Tekantó Municipality

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Municipal Building of Tekantó
Municipal Building of Tekantó
Coat of arms
Motto: Siyan Kán Tekantó (Illustrious Tekantó)
Location of the Tekantó Municipality in Yucatán
Location of the Tekantó Municipality in Yucatán
Tekantó is located in Mexico
Location of the municipality in Mexico
Coordinates: 21°01′N 89°06′W / 21.017°N 89.100°W / 21.017; -89.100Coordinates: 21°01′N 89°06′W / 21.017°N 89.100°W / 21.017; -89.100
Country Flag of Mexico.svg Mexico
State Flag of Yucatan.svg Yucatán
Mexico Ind. 1821
Yucatan Est. 1824
Municipality Est. 1900[1]
Named for Place of the yellow flint[2]
 • Type PAN Party (Mexico).svg 2007-2010
 • Municipal President Fernando Che Canul[1]
 • Total 47.25 km2 (18.24 sq mi)
Elevation[1] 10 m (30 ft)
Population (2009[1])
 • Total 4,079
 • Density 86/km2 (220/sq mi)
 • Demonym Tekantence
Time zone Central Standard Time (UTC-6)
 • Summer (DST) Central Daylight Time (UTC-5)
Postal Codes

Tekanto 97520,

Tixkochoh 97522
Area code(s) 991
Population History
INEGI Code 078
Major Airport Merida (Manuel Crescencio Rejón) International Airport
Website Nuestros municipios - Tekantó
Municipalities of Yucatán

Tekantó Municipality (In the Yucatec Maya Language: “Place where there is yellow flint”)[2] is a small (47.25 km²)[1] municipality in the Mexican state of Yucatán. The municipality was formed in 1900[1] and its municipal seat is the homonymous locality of Tekantó, at the end of highway 80, 54 km east of Merida.

A typical shop in Tekantó, these buildings date back to the 1920s


The municipalities that surround Tekantó Municipality are to the north: Suma and Teya, to the south: Izamal, to the east: Tepakán and to the west: Bokobá.


In 1990 the Mexican federal government asked all the municipalities to have their own shield or coat of arms. The City council then presided over by C. Manuel González Towers, decided to hold a contest to produce the shield's design. The design was adapted from submissions by several people. Some notable features of the shield are as follows. A sun with 13 rays that indicate the Mayan supraworld. An illustration of the Mayan chief Ah Kin Chel on a green background. Gold background with henequen that has 9 blades, that means the Mayan infraworld, the color gold has economic importance. At either side two branches interlaced by a plant called Kantó and that some say gave rise to the name of the town. At the bottom of the shield in front of the branches is a tape of silver with the words Siyan Kán Tekantó, this means the illustrious or famous Tekantó.[3]


The population of Tekantó is approximately 4,000.[1] In the year 2000 the census record showed that 1,655 people spoke the indigenous language, Yucatec Maya.[4] This is consistent with the state average which was 30% in 2000.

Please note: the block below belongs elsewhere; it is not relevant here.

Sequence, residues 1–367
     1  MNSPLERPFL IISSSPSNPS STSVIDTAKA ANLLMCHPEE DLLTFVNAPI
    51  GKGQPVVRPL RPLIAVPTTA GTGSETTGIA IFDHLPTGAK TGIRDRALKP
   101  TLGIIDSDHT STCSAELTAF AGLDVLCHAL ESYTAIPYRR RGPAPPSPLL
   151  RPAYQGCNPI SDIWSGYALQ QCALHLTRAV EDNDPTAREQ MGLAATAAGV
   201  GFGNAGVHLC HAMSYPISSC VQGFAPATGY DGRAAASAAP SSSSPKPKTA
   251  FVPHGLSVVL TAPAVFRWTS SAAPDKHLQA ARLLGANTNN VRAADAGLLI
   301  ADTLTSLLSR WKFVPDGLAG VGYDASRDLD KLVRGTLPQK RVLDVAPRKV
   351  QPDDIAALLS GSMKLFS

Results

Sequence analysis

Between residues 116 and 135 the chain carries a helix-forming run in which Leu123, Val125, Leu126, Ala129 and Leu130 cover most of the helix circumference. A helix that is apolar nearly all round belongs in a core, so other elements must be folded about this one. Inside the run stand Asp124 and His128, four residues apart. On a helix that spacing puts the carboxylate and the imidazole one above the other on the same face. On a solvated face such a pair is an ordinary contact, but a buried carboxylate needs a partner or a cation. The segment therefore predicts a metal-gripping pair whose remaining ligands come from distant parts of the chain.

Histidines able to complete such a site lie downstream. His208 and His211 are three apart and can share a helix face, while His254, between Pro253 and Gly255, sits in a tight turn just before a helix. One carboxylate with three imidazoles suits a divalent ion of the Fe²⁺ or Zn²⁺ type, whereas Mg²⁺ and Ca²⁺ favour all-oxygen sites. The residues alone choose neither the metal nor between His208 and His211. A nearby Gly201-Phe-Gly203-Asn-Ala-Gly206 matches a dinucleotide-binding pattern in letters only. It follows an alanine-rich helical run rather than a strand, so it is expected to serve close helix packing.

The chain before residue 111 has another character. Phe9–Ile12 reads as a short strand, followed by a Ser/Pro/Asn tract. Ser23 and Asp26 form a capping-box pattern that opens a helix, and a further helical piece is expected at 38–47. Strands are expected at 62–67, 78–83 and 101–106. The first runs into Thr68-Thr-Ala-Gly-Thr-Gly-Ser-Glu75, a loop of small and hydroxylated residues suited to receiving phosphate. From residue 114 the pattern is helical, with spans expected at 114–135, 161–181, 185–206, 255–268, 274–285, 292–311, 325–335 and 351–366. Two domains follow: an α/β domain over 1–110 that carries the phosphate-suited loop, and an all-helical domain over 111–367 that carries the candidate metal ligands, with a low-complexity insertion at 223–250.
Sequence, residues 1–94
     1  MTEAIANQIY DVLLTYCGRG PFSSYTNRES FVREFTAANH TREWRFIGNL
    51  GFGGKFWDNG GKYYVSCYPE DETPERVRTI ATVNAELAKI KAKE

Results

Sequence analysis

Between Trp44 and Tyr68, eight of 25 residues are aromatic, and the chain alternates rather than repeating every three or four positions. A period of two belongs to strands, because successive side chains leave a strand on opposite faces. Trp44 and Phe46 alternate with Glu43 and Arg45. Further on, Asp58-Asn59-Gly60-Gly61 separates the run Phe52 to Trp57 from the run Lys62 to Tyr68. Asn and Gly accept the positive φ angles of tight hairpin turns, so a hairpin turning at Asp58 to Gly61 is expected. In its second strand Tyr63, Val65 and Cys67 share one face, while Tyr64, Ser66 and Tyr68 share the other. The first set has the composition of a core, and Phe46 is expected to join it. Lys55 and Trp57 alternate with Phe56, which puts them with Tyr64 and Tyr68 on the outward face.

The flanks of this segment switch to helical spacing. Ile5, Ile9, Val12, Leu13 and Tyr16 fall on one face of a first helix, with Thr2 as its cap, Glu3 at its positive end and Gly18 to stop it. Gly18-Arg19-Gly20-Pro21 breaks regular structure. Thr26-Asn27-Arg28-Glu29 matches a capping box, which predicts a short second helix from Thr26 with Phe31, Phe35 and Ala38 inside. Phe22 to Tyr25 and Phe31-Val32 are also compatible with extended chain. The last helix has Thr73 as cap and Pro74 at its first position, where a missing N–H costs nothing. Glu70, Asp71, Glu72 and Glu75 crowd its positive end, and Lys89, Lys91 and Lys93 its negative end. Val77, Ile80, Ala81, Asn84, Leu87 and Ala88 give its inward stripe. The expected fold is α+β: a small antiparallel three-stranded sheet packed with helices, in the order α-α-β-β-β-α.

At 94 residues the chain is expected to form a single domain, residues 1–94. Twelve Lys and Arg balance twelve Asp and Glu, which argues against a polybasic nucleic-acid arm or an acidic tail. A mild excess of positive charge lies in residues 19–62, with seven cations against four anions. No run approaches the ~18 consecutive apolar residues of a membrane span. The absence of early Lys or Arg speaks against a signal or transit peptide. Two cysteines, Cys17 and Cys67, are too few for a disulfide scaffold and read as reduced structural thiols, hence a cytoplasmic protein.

The municipality is made up from four principle communities, the municipal seat Tekantó along with its neighboring communities Tixkochoh 21°00′50″N 89°04′50″W / 21.0138°N 89.0806°W / 21.0138; -89.0806 (Tixkochoh), San Francisco Dzon 20°59′01″N 89°08′36″W / 20.9835°N 89.1433°W / 20.9835; -89.1433 (San Francisco Dzon) and Sanlatah 21°02′33″N 89°08′48″W / 21.0426°N 89.1466°W / 21.0426; -89.1466 (Sanlatah)). Their populations are as follows: Tekantó 3224, Tixkochoh 455, San Francisco Dzon 127, Sanlatah 83; the census also included 53 people living outside of these communities,[1] either in isolated rural homes or small communities like the hamlet of San Diego Rodriguez 20°59′32″N 89°06′51″W / 20.9923°N 89.1143°W / 20.9923; -89.1143 (San Diego Rodriguez). In 2005 there were 942 houses in the municipality.[5]

Nearby cities[edit]

The distances from the municipal seat to nearby cities are as follows:

  • Izamal, Yucatán  · 13 kilometres (8.1 mi) southeast  · 14,954 people.
  • Motul, Yucatán  · 21 kilometres (13 mi) west-northwest  · 21,109 people.
  • Merida,Yucatán  · 54 kilometres (34 mi) west  · 717,175 people.

Tekantó's rail station is on the (now disused) rail line that runs between Mérida and Valladolid via Izamal.

Climate and Ecosystems[edit]

Road leading into the Tekantó locality


Warm, with rains during the early summer followed by droughts during the late summer. The annual average temperature is of 26.5 °C and the annual average rainfall is 50 millimeters. The winds are predominantly from the northeast. Relative humidity Annual Average, March 66% - December 89%. The Rainy Season is May through July.[1]

Flora and fauna[edit]

Small portions of non-evergreen low forest with secondary vegetation in the ends northeast and the northwest. Including: poppy, bojom, ceiba, chehem, chichibé, pochote and flamboyán. The common animal species that are found in the area include: rabbit, raccoon, deer, armadillo, various snakes, iguanas and turtles; birds: dove, tzutzuy, quail and tórtola.[1]

Places of interest and tourism[edit]


San Augustin Tekantó is an impressive building and one of the largest churches in the Yucatán outside of Merida; it was an important early Franciscan Convent in this region.

Santo Christo de Citilcún
San Augustin Tekantó, as seen from the south

The original mission dates from 1567. According to an inscription on the facade, the church was completed in 1688, over a hundred years after the mission's founding.[2] Near to Tekantó are the hamlets of the ex-properties: Sanlatah and San Francisco Dzon.

Popular celebrations[edit]

From 26 to 28 August an annual fiesta is held in honor of the patron saint of Tekantó, San Augustin.